Ah, debt…it’s the pits. When you’re paying down debt, it can feel like such a battle. A good strategy can make paying off your credit cars easier and also help you hit your financial goals faster.

Like everything in personal finance, there’s no right answer for how to pay down debt, but there are two good strategies. Which one is right for you? It depends on your psychology and what keeps you motivated. You may be juiced up by quick wins (like me!) or you may get a thrill knowing you’re paying as little interest as possible. We’ll discuss both strategies in detail below.

Key Takeaways

  • Always pay your minimum balances to protect your credit score.
  • Choose a strategy that works for you to pay down the debt (more than the minimum) and stick to it. 
  • Think of mortgages and student loans as necessary evils, rather than good debt – keep them modest and make additional payments when you can. 

Golden Rule: Pay Your Minimum Balances

Regardless of which you choose, it’s important to make your minimum payments while tackling a specific account balance. It keeps your debt from expanding, and protects your credit score. Unless you are in a crisis and need to go into forbearance, always make that minimum payment. Set it up on autodraft for the day after you get paid. 

Two Strategies for Paying off credit cards

  • The Avalanche Method is for you optimizers out there. In this strategy, you focus on the debt with the highest interest rate account. For instance, if one credit card has an 18% APR and another one has 14%, tackle the balance on the 18% credit card first. In doing so, you pay less money overall on your march to debt victory, because you pay less interest. 
  • The Snowball Method is better if you like a quick win. Here, you focus on the accounts with the smallest balance, regardless of their interest rate. If one credit card has a $2,500 balance and another has a $4,000 balance, focus on paying down the $2,500 first. ou get to feel the glow of retiring that debt, and it might help motivate you the tackle the bigger balances.

Remember – in both cases, keep making that minimum payment. Even if you tackle a balance $10 at a time, each check is progress and ensures a little more of all the following minimum payments go towards the balance instead of interest. 

The Avalanche Method To Pay off Debt – Pros And Cons

Personal finance experts love the Avalanche, because it is a real win against the credit card companies. They get as little of your money as possible while you tackle the debt. Whether this is the right strategy for you comes down to two things: are you comfortable putting off that sense of victory in exchange for knowing you optimized? For some people, that is a real buzz. Second, the Avalanche is a lot easier if your debts are all roughly about the same size. If one balance that’s $40,000 and another one is $2,000, you need a Will of Steel to chip away at the big one, while the little one just hangs out.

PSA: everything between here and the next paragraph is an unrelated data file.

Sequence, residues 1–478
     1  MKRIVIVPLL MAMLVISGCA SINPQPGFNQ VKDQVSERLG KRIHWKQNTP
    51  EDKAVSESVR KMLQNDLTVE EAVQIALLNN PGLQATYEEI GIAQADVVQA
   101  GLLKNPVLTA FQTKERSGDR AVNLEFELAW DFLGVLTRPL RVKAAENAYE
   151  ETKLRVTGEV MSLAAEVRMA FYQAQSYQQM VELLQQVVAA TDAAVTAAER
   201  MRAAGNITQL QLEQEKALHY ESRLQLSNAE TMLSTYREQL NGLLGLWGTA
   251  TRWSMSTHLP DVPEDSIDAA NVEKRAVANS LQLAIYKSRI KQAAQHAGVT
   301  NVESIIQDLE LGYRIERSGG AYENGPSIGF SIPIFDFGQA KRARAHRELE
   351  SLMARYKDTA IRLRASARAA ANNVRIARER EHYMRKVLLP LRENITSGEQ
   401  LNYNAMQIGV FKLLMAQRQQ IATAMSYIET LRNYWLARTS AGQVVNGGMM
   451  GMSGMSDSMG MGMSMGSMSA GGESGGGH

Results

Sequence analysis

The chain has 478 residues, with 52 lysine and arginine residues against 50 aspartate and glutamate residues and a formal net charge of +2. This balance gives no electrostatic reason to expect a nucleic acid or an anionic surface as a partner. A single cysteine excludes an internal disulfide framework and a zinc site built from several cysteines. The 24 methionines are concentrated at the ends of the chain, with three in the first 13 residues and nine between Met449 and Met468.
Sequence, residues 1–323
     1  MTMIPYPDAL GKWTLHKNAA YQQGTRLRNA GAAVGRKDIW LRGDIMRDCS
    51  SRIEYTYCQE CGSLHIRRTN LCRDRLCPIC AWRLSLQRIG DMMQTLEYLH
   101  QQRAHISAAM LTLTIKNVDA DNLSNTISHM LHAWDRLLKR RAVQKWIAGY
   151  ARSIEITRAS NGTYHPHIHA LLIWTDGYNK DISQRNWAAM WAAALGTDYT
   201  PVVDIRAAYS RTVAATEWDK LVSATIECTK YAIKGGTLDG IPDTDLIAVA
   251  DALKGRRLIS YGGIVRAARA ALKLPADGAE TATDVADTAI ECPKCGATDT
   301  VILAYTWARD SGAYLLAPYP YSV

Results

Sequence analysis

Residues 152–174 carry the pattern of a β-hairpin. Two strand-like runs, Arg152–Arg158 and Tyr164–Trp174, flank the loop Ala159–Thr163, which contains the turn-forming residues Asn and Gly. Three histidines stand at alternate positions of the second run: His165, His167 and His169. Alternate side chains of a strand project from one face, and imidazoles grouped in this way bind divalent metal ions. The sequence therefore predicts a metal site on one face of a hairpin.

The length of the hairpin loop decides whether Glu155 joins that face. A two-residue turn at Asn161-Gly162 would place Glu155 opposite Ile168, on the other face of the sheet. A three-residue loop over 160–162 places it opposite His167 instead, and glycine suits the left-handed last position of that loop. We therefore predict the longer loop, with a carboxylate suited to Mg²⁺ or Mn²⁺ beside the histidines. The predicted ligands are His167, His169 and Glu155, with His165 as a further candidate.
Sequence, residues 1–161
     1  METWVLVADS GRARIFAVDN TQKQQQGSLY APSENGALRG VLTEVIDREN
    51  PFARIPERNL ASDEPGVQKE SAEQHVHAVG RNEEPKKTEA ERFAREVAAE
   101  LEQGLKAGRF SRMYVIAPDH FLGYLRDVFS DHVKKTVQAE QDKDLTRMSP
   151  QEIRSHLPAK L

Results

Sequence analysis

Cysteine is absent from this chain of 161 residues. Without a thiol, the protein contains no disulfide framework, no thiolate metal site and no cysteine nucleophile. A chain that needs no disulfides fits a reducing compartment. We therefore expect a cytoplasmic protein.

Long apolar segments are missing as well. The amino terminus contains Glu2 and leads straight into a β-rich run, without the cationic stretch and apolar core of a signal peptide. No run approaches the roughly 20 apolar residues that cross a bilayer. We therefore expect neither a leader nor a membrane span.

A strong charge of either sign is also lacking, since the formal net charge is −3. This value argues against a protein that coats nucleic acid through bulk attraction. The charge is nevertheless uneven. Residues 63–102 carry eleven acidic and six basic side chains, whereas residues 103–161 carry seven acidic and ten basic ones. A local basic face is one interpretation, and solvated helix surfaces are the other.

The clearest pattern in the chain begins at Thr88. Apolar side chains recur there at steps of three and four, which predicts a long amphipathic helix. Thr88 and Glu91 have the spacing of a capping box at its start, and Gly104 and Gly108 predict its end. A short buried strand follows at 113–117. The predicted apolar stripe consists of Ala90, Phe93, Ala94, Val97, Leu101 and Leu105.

Personally, I have never been able to get the Avalanche method to work for me. We do not carry credit card debt any more (sorry, banks!), but when I was younger and had a problematic relationship with my credit cards, I needed the quick win of the Snowball. 

The Snowball Method To Pay off Debt – Flossie’s Preference 

In reality, the month to month grind of paying down debt, can be demoralizing. So, here at Flossie we strongly prefer the Snowball Method. Hitting your smallest balances first gives you both a more immediate sense of victory and fewer bills to manage. If you’re having trouble staying motivated on your financial goals, the Snowball Method is the right approach for you. However, if you have very high interest rate debt, such as a payday loan, tackle that first even if they’re bigger. The risk is too high but they can get away from you, and the downsides are severe. 

What Is The Best Method To Pay off Debt?

Ultimately, it depends on you. The most important thing is that you stick with it – it can be hard to dig out from under credit card. Focus on maintaining your motivation: remind yourself of your goals and get support. You can join a debt team on the Flossie community. It feels good to share your victories, even if that victory is “Made my minimum payments this month, plus twenty bucks to the balance.” You don’t have to battle the debt dragon alone. 

Don’t forget to treat yourself a little bit as you meet your financial goals. Getting a balance to zero is a great place moment for a little reward  just don’t charge it!).

Is There Such A Thing As Good Debt?

Your approach to debt management is as complex as your psychology and your personal situation,. If you’re comfortable carrying some debt, mortgages and student loans with low interest rates (under 4%) are not inherently harmful. We carry mortgages and stay in touch with our mortgage broker on rates. 

I have also argued there is no such thing as “good debt”. Student loans can dog you for years, and are stressful when you’re in your 40s or planning your kids’ education. Mortgages are enforced savings more than an investment – it’s hard to make a lot of money on your primary residence, after paying inflation and interest rates. 

If you’re fighting the good fight against credit card debt, check out our pro tips on defeating debt.

Join the AskFlossie community where all women are empowered with community and knowledge to build stronger financial lives. We’re here to be your financial wingwoman!